Hegel, Georg Wilhelm Friedrich

Hegel, Georg Wilhelm Friedrich
   A German idealist philosopher and one of the most important thinkers of the 19th century, Hegel was one of the key influences on Karl Marx and his thought. Born in Stuttgart, Germany, Hegel studied philosophy and theology at the University of Tübingen, and after a brief period as a private tutor in Bern, Switzerland, he went on to study further and became a lecturer at the University of Jena. The seizure of Jena by French troops forced him to flee and he worked for a period as a newspaper editor and then as a school headmaster before becoming professor of philosophy at the University of Heidelberg in 1816. In 1818 he moved to the prestigious University of Berlin, where he remained until his death from cholera in 1831.
   Among Hegel’s major philosophical works are The Phenomenology of Mind (1807), The Science of Logic (1812, 1813, 1816), The Philosophy of Right (1821) and The Philosophy of History (1830–31). In these and other writings Hegel outlined a comprehensive philosophical system that covered both the natural and social worlds with particular emphasis on religion, philosophy, culture, history and politics. For Hegel the whole of reality represents the expression and unfolding of “Absolute Spirit,” and the whole of reality is an interconnected totality. Every aspect of reality reflects Absolute Spirit and gives us a means of grasping the nature of it. For example, in his philosophy of history and political philosophy Hegel shows that the history of the world is nothing other than the history of the development of the “Idea” of freedom, and freedom is the essence of Spirit. Gradually human freedom has developed, both in terms of human understanding of freedom and in terms of the development of political and legal structures, institutions and processes allowing greater freedom.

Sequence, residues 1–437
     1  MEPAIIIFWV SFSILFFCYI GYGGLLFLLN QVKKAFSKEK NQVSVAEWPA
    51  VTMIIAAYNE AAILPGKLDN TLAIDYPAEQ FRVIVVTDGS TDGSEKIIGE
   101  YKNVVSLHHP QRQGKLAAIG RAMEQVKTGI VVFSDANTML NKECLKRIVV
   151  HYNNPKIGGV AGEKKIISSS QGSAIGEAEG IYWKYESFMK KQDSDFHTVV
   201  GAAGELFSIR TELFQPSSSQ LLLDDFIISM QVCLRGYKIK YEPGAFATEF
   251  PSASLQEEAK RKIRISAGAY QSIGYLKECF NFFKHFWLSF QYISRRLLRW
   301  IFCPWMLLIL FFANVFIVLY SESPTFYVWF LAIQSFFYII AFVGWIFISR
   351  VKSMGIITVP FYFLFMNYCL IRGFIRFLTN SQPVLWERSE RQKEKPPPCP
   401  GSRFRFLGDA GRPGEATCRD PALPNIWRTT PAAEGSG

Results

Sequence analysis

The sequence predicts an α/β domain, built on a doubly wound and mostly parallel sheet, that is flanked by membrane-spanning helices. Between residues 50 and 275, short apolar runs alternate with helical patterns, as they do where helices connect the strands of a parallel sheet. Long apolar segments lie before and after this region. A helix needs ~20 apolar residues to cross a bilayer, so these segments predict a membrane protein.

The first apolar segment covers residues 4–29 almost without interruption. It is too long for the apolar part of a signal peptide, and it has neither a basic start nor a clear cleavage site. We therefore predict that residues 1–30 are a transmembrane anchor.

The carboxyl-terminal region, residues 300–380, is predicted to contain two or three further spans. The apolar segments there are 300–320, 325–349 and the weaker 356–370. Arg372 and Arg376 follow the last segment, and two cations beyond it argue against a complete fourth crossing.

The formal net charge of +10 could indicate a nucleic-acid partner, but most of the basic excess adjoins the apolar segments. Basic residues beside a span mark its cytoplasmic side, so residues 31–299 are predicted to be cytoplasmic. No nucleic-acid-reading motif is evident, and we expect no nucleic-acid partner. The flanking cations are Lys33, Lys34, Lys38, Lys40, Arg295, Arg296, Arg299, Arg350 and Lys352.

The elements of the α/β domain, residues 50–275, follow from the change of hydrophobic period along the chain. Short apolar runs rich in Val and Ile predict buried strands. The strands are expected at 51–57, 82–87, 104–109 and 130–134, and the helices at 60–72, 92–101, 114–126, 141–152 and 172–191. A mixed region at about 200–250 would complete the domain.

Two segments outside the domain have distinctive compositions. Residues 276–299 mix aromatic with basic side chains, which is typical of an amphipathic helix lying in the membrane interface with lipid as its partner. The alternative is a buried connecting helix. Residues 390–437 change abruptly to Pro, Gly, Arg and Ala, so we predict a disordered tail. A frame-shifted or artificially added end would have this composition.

It was this that Marx first embraced as a disciple of Hegel’s thought and then rejected notably in his Critique of Hegel’s Philosophy of Right (1843). Marx was critical of Hegel’s conservatism, his belief that freedom could be attained in a class society with a market economy and a constitutional state. Marx argued that Hegel’s philosophy was abstract, passive and lacked a critical perspective, so that it ended up endorsing the profoundly unfree Prussian state of Hegel’s day. Many of the flaws in Hegel’s thought stemmed from his philosophical idealism that gave primacy to Spirit and the realm of ideas instead of concentrating on the material world, the world of human activity. Marx embraced a materialist outlook that essentially saw ideas as born out of human activity, and in particular as reflecting the level of economic and technological development in any given society. Nevertheless, Marx still acknowledged the profundity of Hegel’s thought and incorporated a form of Hegel’s dialectic into his thought. Marxists and commentators on Marx dispute the degree of influence of Hegel on Marx, but there is strong evidence to suggest that Marx’s thought embodied dialectical themes from his early through to his later writings.

Historical dictionary of Marxism. . 2014.

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